In June 2006, the Financial Accounting Standards Board (“FASB”) ratified the consensuses of Emerging Issues Task Force (“EITF”) Issue No. 06-3, “How Taxes Collected from Customers and Remitted to Governmental Authorities Should Be Presented in the Income Statement (That Is, Gross versus Net Presentation)” (“EITF 06-3”). EITF 06-3 indicates that the income statement presentation on either a gross basis or a net basis of the taxes within the scope of the Issue is an accounting policy decision. Our accounting policy is to present the taxes on a net basis. The adoption of EITF 06-3 in the first quarter of 2007 will not result in a change to our accounting policy and, accordingly, will not have a material effect on our consolidated financial statements.

 

In June 2006, the FASB issued Interpretation (“FIN”) No. 48, “Accounting for Uncertainty in Income Taxes—an interpretation of FASB Statement No. 109.” This Interpretation prescribes a recognition threshold and measurement attribute for the financial statement recognition and measurement of a tax position taken or expected to be taken in a tax return, and provides guidance on de-recognition, classification, interest and penalties, accounting in interim periods, disclosure, and transition. This Interpretation is effective for fiscal years beginning after December 15, 2006. We have not completed our evaluation, but do not expect the Interpretation to have a material impact on our consolidated financial statements.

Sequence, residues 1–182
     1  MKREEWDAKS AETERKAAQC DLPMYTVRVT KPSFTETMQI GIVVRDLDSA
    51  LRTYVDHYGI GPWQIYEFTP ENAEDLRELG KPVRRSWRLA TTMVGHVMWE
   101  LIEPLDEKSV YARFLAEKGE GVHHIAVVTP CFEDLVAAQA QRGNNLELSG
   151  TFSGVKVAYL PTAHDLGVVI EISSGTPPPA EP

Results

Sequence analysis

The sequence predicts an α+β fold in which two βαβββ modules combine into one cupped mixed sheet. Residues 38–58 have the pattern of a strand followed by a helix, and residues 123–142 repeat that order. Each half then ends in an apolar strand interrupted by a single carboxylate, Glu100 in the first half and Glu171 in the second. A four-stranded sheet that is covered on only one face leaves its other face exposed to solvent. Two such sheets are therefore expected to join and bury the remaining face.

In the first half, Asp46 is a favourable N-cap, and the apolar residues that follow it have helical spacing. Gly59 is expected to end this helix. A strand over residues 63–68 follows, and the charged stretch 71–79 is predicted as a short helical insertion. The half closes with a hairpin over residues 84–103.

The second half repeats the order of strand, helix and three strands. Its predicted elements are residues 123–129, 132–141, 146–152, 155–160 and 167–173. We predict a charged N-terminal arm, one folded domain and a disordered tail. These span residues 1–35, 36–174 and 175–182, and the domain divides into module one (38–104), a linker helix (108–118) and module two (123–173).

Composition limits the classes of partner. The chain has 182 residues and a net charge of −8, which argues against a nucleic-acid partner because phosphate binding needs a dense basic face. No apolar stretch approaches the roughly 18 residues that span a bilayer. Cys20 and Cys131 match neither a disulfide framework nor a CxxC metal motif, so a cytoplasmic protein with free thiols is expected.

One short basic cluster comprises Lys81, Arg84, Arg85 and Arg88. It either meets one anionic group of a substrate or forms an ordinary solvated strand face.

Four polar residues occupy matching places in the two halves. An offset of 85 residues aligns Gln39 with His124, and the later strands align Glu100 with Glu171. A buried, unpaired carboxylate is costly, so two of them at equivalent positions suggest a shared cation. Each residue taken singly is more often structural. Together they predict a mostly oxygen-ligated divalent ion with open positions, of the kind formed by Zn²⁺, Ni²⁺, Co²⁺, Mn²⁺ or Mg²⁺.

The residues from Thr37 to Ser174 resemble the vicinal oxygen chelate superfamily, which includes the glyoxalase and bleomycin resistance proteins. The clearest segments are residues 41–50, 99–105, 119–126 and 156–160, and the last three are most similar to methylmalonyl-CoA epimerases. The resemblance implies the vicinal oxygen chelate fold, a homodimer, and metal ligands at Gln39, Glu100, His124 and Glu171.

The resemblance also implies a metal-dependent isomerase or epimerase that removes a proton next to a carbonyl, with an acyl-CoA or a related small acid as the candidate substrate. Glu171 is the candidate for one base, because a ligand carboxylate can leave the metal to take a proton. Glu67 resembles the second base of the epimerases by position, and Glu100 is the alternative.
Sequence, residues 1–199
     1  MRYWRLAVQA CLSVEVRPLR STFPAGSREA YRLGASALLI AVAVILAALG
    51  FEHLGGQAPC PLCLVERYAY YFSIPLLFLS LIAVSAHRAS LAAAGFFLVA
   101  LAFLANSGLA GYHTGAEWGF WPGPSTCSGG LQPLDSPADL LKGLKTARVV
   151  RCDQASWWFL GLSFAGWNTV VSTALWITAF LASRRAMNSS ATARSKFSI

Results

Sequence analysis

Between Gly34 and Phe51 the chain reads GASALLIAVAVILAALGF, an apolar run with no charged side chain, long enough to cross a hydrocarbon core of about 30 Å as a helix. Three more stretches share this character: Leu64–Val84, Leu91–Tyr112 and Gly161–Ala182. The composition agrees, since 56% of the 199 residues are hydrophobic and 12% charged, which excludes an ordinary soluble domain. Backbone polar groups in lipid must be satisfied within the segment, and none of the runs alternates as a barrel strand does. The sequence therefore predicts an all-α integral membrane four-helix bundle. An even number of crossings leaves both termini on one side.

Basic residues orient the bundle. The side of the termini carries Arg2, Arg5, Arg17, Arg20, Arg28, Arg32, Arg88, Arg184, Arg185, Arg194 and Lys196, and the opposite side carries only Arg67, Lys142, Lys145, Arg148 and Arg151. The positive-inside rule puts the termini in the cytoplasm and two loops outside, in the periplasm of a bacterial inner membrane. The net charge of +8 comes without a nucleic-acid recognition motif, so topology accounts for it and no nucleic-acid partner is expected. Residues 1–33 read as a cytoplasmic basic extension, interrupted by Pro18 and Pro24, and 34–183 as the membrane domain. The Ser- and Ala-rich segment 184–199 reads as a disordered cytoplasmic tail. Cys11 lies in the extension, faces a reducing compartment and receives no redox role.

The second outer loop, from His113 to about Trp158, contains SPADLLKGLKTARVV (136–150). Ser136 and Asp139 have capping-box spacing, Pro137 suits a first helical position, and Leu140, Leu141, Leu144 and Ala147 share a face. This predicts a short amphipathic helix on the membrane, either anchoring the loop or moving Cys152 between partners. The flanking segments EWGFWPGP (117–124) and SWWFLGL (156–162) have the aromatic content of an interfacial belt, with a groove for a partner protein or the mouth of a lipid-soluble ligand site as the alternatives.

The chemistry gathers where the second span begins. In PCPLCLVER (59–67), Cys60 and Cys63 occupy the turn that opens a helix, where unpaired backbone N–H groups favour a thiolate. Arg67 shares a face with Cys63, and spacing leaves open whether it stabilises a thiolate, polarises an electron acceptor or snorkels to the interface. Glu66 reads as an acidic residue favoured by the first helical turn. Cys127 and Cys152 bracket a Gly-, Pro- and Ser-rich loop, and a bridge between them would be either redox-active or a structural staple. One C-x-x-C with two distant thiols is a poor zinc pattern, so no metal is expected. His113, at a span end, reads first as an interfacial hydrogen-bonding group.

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Table of Contents

In September 2006, the FASB issued SFAS No. 157, “Fair Value Measurements” (“SFAS 157”). SFAS 157 clarifies the principle that fair value should be based on the assumptions market participants would use when pricing an asset or liability and establishes a fair value hierarchy that prioritizes the information used to develop those assumptions. Under the standard, fair value measurements would be separately disclosed by level within the fair value hierarchy. SFAS 157 is effective for our fiscal year beginning December 30, 2007, with early adoption permitted. We have not completed our evaluation, but do not expect SFAS 157 to have a material impact on our consolidated financial statements.